There is a combination of issues that cause foundation problems in Lakeland. Unpredictable weather, coupled with saturated soils and lakefront moisture, means that residents and business owners are often on the lookout for signs of foundation problems. These are the most common causes of foundation problems in Lakeland.
While the entire state of Florida is susceptible to sinkholes, Polk County is number seven out of the top ten most sinkhole-prone counties in Florida. As owners of Scott Lake Lakefront property witnessed a 285-acre lake drain almost completely in 2006, sinkholes are capable of catastrophic damage. While most sinkholes don’t create such a massive level of damage, they can disrupt the foundation of homes and other structures in the vicinity.
Sinkholes form in karst terrain from the collapse of surface sediments into cavities below. These cavities exist because underground bedrock in Lakeland is composed of soluble rock types like limestone and dolomite. Essentially, sinkholes are a natural drainage feature in karst terrain. Since the cavities beneath the surface vary in size and depth, it’s impossible to gauge the final effects of a sinkhole before it occurs. The initial cavity that forms suddenly can grow for hours or days before ground movement is complete. Small sinkholes near homes or other buildings can result in foundation damage as the ground erodes. It’s also possible to experience foundation damage before a sinkhole forms.
Lakefront Soil Erosion
With 38 lakes within the city’s borders, Lakeland is aptly named. This also means that many properties are located in close proximity to lakes and experience topsoil with high water saturation. Without adequate drainage systems in place, the water table alone can lead to unstable ground and foundation damage. Additionally, continual water movement across the earth’s surface leads to erosion. Erosion is common in the areas that surround lakes and is more pronounced in more developed areas since manmade features like driveways and building roofs cause runoff. As the soil near your home erodes, the ground beneath your foundation can shift, causing damage to your home.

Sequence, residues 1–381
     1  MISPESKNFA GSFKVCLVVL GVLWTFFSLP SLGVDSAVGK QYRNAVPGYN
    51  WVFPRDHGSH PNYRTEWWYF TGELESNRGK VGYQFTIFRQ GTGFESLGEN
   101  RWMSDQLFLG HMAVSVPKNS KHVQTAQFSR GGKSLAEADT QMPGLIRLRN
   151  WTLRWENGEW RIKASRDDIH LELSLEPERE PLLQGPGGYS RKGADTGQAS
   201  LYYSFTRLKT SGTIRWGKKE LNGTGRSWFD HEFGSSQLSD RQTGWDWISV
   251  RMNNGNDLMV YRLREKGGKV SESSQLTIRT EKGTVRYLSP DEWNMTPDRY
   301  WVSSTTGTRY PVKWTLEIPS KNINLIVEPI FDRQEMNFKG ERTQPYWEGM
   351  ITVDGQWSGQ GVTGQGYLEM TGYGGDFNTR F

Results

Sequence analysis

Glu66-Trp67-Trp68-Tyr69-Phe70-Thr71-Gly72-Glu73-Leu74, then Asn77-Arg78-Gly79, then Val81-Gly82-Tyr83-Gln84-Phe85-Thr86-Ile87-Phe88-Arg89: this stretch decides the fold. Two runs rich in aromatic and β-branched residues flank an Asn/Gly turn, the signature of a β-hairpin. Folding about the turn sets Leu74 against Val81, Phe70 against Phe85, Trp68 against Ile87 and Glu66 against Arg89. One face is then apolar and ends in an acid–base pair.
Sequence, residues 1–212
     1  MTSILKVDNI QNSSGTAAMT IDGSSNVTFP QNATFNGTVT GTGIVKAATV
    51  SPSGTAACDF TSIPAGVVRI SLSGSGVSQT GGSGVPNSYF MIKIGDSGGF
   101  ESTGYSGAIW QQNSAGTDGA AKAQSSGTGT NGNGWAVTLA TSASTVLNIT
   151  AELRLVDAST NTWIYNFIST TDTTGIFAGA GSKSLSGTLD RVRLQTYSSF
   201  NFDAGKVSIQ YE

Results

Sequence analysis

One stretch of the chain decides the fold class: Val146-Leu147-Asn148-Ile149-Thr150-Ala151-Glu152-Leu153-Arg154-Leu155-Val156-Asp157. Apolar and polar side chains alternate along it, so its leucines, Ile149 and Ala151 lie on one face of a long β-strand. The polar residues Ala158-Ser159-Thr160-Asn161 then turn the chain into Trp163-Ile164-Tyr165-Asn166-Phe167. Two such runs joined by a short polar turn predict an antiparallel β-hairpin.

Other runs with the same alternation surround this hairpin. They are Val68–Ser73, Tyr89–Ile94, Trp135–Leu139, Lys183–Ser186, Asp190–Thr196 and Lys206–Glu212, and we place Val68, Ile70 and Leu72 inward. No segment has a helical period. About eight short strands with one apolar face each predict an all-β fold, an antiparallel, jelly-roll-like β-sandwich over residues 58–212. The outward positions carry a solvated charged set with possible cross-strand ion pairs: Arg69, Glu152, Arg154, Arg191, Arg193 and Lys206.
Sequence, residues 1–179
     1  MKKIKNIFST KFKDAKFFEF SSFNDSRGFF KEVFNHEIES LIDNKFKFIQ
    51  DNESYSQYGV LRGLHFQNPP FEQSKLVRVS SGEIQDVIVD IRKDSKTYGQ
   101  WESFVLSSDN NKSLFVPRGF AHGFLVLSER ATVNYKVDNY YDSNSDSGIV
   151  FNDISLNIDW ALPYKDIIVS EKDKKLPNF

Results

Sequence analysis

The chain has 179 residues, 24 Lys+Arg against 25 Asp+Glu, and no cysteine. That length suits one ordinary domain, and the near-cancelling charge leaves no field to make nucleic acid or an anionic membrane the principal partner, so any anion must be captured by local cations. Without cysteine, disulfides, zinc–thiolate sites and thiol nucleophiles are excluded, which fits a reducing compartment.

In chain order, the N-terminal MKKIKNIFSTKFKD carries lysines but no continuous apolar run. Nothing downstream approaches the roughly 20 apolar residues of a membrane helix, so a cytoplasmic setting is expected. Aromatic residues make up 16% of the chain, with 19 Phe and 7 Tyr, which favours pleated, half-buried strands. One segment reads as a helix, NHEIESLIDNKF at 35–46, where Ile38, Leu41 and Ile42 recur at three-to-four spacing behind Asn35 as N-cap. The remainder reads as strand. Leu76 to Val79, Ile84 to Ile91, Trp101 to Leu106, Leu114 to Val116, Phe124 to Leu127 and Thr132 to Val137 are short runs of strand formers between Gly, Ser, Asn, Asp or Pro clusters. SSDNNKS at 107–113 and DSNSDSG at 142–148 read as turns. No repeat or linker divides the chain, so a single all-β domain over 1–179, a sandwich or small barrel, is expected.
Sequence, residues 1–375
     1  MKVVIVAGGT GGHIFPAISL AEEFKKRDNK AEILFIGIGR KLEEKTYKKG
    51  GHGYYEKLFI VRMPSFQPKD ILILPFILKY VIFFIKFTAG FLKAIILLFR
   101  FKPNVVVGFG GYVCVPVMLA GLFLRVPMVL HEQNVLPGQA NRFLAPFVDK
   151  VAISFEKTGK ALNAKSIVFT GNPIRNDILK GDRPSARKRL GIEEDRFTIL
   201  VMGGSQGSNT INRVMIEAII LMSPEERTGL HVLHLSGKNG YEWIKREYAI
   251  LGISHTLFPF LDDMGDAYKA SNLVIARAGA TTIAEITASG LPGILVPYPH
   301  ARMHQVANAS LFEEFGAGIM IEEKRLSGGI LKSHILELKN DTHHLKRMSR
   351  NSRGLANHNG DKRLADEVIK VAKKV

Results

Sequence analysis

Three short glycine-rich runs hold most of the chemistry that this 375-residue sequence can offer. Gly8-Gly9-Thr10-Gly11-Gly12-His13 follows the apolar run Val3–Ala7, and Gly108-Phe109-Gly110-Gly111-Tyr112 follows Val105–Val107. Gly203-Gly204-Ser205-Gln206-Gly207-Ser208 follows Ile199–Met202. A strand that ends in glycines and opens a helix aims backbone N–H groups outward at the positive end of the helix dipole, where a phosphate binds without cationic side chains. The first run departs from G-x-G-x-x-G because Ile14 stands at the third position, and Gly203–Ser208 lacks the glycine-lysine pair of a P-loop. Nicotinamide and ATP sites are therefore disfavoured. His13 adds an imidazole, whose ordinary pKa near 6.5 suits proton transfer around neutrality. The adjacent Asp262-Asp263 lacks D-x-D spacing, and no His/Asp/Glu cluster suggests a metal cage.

Lakeland consists of loose sandy soil in most areas. While sandy soil is reasonably dependable in many areas, a combination of issues makes it unpredictable in Lakeland. For instance, cavities beneath the topsoil make sand easy to wash away and create sudden sinkholes. Unfortunately, sandy soil is also more prone to erosion, making it an issue for lakeside property.
Lakefront soil is generally easier to saturate than other areas because of the low water table. When Lakefront properties see heavy rains, flooding often follows. Runoff and drain water solutions in heavily populated areas aggravate the issue, leading to frequent flooding in areas near lakes, creeks, and canals in Lakeland. While many areas that experience flooding see foundation damage as a result of fast-rising, rapidly moving waters, floodwaters in Lakeland districts like May Manor tend to rise slowly and leave in a similar fashion. When the soil beneath your home is exposed to standing water for long periods of time, shifting ground and pier damage can result.
Lakeland is composed of mostly flat and sloping landscapes covered in sandy soil. Failure to understand the drainage issues associated with the terrain leads to the construction of homes and other buildings that will face foundation problems in the future. There are a variety of ways poorly prepared landscapes lead to foundation damage down the road. Failing to implement proper drainage solutions will likely lead to erosion and oversaturated soil that can shift beneath your home’s foundation. When builders fail to compact sandy soil before building your home’s foundation, sinkholes, shifting ground, and settling are likely to occur over time with changes in the weather and climate.
Trees are a good source of climate control in both winter and summer. However, if your trees weren’t installed by a professional, the roots can get too close to your foundation. Tree roots affect Lakeland foundations in a couple of different ways. When roots grow directly beneath your foundation, they can cause slab cracks and other minor foundation damage. Additionally, thirsty tree roots can rob the surrounding soil of moisture and create new cavities in karst terrain. These new cavities near or beneath your home’s foundation can cause uneven settling of soils that disrupt your home’s foundation and cause foundation damage that affects the interior and exterior of your home.